Well, Dr. Brown made arrangements with the Police Department, who escorted us on motorcycles all the way from the old Emergency Hospital on New York Avenue to MedStar Washington Hospital Center. They surrounded the ambulance, with some going ahead to block off streets so we'd never have to stop or change speed. Others followed to re-open the streets after we passed. It worked, and I admitted my first patient to MedStar Washington Hospital Center.

    The new hospital was an amazing place, both in terms of its physical structure and approach. It was a community hospital but ahead of its time. Open heart surgery was just on the horizon, and right from the get-go, they recognized that opportunity and along with it, the need to have both a full-time chief of medicine, Brigadier General Thomas W. Mattingly, and a chief of surgery, Dr. Nicholas P.D. Smyth. Outside of a university hospital, full-time chairmen were unheard of!

    Of course, the Hospital Center then went on to become one of the foremost hospitals in the world for cardiovascular care, along with many other "firsts." It was and still is a real innovator.


    In 1972, I was invited to become the first full-time Chief of the Department of Neurosurgery at George Washington University Medical School. When I talked to my wife about it, she said, "Take it. I'm tired of feeding you dinner at 11 p.m.!"

    But I maintained my involvement with MedStar Washington Hospital Center. In the late 1960s, I had established a joint neurosurgery residency program with the Hospital Center and GW. When I became head of the department at GW, I held all my Saturday morning resident conferences at the Hospital Center to make sure everyone realized how important it was to the program.

  • January 08, 2015

    By MedStar Health

    Obstetrics and Gynecology
    Started in 1993 as a Resident
    Joined the Staff in 1997


    Was it nerve wracking as a new nurse, tech, intern or resident? You bet. But those of us who worked with Lillian Morse, a retired surgical tech from Labor and Delivery, will always remember and be thankful for her mentoring ways.

    Lillian was a fixture in Labor and Delivery and always looked out for other employees, especially the new ones, literally reaching out to help them. When I was a resident in the operating room just barely learning procedures and wondering what to ask for next, Lillian would put the instrument in my hand before I would even ask for it. She would say "Here, this is what you need next" without saying anything more.

    A dedicated surgical tech, she taught many about the standard operating procedures they were just getting used to performing and made a lasting impact on a generation of employees. She would take new students, new nurses and new residents under her wing and make sure they learned how to scrub, gown and glove properly. She had a great personality, was positive, supportive and helpful.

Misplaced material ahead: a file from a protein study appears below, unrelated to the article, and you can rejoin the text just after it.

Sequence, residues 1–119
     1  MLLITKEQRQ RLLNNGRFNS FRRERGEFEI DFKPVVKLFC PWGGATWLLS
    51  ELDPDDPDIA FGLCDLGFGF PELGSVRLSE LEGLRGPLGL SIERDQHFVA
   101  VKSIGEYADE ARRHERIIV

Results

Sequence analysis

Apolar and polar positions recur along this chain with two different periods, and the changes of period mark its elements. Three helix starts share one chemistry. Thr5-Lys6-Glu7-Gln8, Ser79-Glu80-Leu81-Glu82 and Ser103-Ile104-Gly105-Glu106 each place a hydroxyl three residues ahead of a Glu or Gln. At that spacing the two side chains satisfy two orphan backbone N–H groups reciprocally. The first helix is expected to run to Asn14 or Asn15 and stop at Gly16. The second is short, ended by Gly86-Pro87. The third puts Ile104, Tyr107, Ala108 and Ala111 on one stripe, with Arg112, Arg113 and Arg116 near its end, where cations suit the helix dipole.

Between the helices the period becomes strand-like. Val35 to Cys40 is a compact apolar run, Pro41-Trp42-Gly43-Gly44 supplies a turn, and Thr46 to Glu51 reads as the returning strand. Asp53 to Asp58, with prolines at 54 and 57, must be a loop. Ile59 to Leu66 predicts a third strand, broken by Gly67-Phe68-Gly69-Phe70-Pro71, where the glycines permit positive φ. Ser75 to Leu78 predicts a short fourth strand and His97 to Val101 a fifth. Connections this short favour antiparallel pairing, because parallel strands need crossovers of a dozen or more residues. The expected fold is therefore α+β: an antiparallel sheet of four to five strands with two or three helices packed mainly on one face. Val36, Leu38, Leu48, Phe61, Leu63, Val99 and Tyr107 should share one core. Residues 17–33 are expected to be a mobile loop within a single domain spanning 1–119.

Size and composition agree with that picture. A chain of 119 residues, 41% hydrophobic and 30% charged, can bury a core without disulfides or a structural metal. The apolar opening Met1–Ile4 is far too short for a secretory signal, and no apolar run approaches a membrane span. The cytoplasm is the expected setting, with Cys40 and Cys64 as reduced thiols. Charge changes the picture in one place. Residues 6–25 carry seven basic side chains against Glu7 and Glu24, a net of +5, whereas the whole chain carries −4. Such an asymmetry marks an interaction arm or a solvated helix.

Lillian was dedicated to the Obstetrics unit and arrived early before her shift every day and well before surgery started. She made sure the OR was well-stocked every morning, was a constant presence and made things run smoothly for everyone.

  • January 08, 2015

    By MedStar Health

    Internal Medicine
    1958 - 1998


    In March of 1958, I was an intern at the old Garfield Hospital so by default, I became a member of the first medical resident class at MedStar Washington Hospital Center when Garfield's operations transferred over. A mere month later, our first child, Susan Elizabeth, was born here, further assuring that 1958 - and my introduction to MedStar Washington Hospital Center - would forever remain in my mind.

    MedStar Washington Hospital Center was a revelation - a great, modern building, with private and semi-private rooms where Garfield and the other old hospitals all had wards. That took some getting used to! I don't know if we were aware of it then, but all of medicine was on the cusp of going through a dramatic change. At the time, specialists and sub-specialists were pretty rare and general practitioners did almost everything - from caring for patients with infectious diseases like TB and spotted fever to delivering babies.

    This was also before the advent of all the changes in medical financing, like Medicaid, reimbursement rates and so on. My first year in private practice I made $11,000 from fee-for-service - I thought I was a millionaire! But because there were so few "safety nets" for poor patients who couldn't afford care, the Hospital Center also operated a clinic. I remember volunteering there half a day, every week, to work for free. A lot of us did.

    Then as now, the Hospital Center cared for the most complex cases. But by today's standards, the weapons in medicine's arsenal in 1958 were quite limited. We didn't yet know about cholesterol and lipids, and didn't have any effective drugs to treat high blood pressure. All we had was insulin, penicillin, streptomycin, sulfonamides, digitalis, Pitocin, Thorazine, phenobarbital - that was about it. Compare that to today's PDR - it's at least three inches thick!